Peter Hedges wrote and directed Disney's The Odd Life of Timothy Green, the story of a couple trying to conceive who are surprised with a child from their garden. The magical movie stars Jennifer Garner and Joel Edgerton as parents to Timothy Green, and Peter shared that he used his own experiences as a parent in the film. He also talked about Jennifer being perfect for the role and Joel's incredible acting skills.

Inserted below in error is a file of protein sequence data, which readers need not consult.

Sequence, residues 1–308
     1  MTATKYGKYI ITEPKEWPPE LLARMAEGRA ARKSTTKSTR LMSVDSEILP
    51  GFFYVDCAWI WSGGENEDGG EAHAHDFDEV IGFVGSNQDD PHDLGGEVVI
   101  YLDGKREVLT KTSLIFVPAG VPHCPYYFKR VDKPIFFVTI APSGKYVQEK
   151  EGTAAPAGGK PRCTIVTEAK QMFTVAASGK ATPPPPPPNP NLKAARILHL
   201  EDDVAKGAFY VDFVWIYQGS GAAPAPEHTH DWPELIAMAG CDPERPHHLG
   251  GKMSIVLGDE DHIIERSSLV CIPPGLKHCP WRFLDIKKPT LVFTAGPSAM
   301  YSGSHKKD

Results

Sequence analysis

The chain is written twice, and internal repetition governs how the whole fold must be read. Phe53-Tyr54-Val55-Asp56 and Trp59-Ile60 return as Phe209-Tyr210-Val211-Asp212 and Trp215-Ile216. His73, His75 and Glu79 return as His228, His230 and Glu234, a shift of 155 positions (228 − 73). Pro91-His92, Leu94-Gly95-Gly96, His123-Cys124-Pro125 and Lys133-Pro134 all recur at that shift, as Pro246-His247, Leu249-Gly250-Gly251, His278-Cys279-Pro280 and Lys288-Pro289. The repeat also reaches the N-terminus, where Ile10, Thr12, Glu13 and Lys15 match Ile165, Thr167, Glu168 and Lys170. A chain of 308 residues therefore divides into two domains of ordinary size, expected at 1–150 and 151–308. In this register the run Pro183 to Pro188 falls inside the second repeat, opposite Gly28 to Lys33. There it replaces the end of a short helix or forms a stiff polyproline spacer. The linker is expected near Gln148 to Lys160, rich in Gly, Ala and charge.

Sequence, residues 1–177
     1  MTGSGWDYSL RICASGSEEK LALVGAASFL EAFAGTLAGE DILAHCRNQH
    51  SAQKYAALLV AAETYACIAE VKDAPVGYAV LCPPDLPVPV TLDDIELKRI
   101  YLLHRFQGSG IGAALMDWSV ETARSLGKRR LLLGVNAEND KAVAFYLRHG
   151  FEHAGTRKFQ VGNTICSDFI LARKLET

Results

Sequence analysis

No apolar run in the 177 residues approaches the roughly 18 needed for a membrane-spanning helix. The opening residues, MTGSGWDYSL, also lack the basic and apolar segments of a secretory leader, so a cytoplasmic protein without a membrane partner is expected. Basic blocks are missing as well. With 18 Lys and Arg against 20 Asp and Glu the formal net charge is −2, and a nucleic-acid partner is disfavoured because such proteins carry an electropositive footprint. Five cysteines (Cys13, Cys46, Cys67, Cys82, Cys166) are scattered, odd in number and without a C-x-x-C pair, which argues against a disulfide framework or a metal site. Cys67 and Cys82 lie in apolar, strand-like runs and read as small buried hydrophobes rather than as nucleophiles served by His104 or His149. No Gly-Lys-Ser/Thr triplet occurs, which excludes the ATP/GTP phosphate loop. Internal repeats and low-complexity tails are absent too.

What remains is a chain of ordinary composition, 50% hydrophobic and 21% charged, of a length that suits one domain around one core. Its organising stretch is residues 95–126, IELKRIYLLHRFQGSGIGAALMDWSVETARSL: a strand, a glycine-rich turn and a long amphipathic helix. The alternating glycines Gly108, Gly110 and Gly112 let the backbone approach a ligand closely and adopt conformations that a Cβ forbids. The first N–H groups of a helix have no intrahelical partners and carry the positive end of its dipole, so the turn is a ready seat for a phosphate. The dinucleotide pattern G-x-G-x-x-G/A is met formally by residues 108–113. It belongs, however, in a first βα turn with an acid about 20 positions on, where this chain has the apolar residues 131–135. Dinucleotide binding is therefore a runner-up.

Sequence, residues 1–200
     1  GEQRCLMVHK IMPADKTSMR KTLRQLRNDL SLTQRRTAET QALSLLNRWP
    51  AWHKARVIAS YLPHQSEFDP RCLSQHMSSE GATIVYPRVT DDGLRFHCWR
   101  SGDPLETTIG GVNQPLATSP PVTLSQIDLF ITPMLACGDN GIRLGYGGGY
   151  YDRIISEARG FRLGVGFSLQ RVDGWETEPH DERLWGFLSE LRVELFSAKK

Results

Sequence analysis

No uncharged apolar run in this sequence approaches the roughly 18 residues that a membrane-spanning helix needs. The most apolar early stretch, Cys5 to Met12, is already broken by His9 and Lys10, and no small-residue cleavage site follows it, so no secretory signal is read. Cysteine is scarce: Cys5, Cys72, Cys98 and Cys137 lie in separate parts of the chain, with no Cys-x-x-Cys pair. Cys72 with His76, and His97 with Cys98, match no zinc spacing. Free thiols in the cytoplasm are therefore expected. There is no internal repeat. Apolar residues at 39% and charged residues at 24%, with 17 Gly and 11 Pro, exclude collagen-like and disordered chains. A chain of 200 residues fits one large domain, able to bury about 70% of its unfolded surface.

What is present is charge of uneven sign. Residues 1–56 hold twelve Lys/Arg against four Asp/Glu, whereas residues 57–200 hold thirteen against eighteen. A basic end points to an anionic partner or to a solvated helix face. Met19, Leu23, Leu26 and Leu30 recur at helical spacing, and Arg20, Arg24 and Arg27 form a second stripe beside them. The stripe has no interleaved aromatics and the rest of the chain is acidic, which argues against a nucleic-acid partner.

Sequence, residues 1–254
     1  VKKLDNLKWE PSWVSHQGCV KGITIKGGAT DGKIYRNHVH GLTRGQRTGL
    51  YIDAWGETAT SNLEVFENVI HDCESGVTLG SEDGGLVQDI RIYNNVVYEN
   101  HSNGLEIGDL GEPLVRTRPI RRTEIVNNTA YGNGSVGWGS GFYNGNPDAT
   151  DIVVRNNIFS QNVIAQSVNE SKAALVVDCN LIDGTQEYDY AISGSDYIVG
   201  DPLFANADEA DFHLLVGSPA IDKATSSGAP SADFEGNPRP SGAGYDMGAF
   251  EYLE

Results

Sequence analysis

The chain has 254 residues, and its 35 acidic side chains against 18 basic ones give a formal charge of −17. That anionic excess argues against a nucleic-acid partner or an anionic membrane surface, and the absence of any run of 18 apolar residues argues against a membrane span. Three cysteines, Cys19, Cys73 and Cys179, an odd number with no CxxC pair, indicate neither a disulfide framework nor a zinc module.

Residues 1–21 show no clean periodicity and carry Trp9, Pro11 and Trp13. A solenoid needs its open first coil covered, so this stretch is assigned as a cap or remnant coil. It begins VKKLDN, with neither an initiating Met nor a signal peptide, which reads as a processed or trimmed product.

it was just so evident that she was supposed to be Cindy Green. I was able to to take some of my guilt and embarrassment and regret about those experiences and turn them into that scene. So, as a parent yourself, was there any specific theme in this movie that came from your personal experience? Oh, sure, many. There's a moment where Jim, when he's sending Timothy off to school, and says, "Have a great day." And she says that's too much pressure and then Jim says, "Have the day you have." I started to notice recently that oftentimes when I'm speaking to my kids, I'm putting lots of pressure on them to have a particular experience, the experience I want them to have, so I started to modify my language. So, that's a small example.There 's a big scene near the end of the film where he's playing soccer and the parents really want him to be on the team and out on the field and a lot happens from that moment. While my kids didn't play soccer they did play other sports. And there were many instances where, too many to mention where I got, even though I thought I was being very cool and very aloof and I was the cool dad, the truth is I wasn't. I was too invested and it put inordinate pressure on them. So I was able to take some of my guilt and embarrassment and regret about those experiences and turn them into that scene, which is one of my favorite scenes in the film. That's actually the scene that I was thinking of. And I think you know, look, we want our kids to succeed. We don't want them to be hurt. We want them to feel like winners. And we give them trophies for just breathing, and kids now, my kids have so many trophies that the shelves are overflowing. We're good, don't worry. And so, I feel you know, that scene is very much an articulation of some of my parental crimes that I committed. So, Jennifer Garner is really perfect for this role, did you write the script with her in mind? Well, I wrote it with the hopes that someone like Jennifer Garner would want to be in this film. I didn't picture anyone. I just pictured an amazing actress who would be, you would root for, and so when I heard that Jennifer had read the script and she wanted to do the film, I was over the moon, and then we sat down, and any hesitation that I didn't have, 'cause I didn't have any hesitation, was, you know, vacuumed away because it was just so evident that she was supposed to be Cindy Green. And then to have Joel play opposite her, they were just so good together, and they just played so well together and then how they interacted with CJ, it was just pretty heavenly. So you said you kind of like to look for an actor who you think is like on the cusp of becoming big. What was it about Joel that made you feel that way about him? Oh, you know, you meet him and you go, this is, he's, you know, he's very winning, he's very smart. He's paid his dues, he's done a lot of theater. He's known an actor circles to be one of the great, great actors. And it's true. And it's just an instinct. You know at a certain point. You go, "Oh, this guy, we can cast him now or in a few years, we won't even be able to get him on the phone." And Disney was smart and they saw what I saw and I know we're right. We're right about Joel. We were right about Jennifer. And we're right about CJ.